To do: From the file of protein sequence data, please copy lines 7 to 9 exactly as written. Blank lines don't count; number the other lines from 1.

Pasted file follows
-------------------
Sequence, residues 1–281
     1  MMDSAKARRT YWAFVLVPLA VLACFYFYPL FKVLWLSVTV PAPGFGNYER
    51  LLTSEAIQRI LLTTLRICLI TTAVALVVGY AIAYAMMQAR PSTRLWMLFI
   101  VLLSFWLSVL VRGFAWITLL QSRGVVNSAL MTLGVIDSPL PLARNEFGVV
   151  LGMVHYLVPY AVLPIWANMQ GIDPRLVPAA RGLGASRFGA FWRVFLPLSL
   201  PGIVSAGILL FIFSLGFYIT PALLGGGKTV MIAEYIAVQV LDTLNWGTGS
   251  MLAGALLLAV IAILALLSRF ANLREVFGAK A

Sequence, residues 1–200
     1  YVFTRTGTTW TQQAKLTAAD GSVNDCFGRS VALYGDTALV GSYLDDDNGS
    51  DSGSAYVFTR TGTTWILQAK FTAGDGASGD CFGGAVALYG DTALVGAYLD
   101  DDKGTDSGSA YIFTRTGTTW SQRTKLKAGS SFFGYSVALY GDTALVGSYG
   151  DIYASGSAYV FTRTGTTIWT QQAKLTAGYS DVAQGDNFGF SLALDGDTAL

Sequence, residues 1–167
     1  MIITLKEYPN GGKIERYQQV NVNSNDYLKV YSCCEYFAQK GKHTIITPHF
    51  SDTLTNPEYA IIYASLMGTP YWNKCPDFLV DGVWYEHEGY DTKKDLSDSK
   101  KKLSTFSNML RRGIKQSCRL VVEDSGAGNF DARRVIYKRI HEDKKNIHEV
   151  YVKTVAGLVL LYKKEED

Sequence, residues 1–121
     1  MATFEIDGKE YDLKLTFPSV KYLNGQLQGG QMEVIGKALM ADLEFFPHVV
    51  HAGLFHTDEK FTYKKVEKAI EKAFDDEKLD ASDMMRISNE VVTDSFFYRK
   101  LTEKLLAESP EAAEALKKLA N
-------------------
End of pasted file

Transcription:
   251  MLAGALLLAV IAILALLSRF ANLREVFGAK A

Sequence, residues 1–200
     1  YVFTRTGTTW TQQAKLTAAD GSVNDCFGRS VALYGDTALV GSYLDDDNGS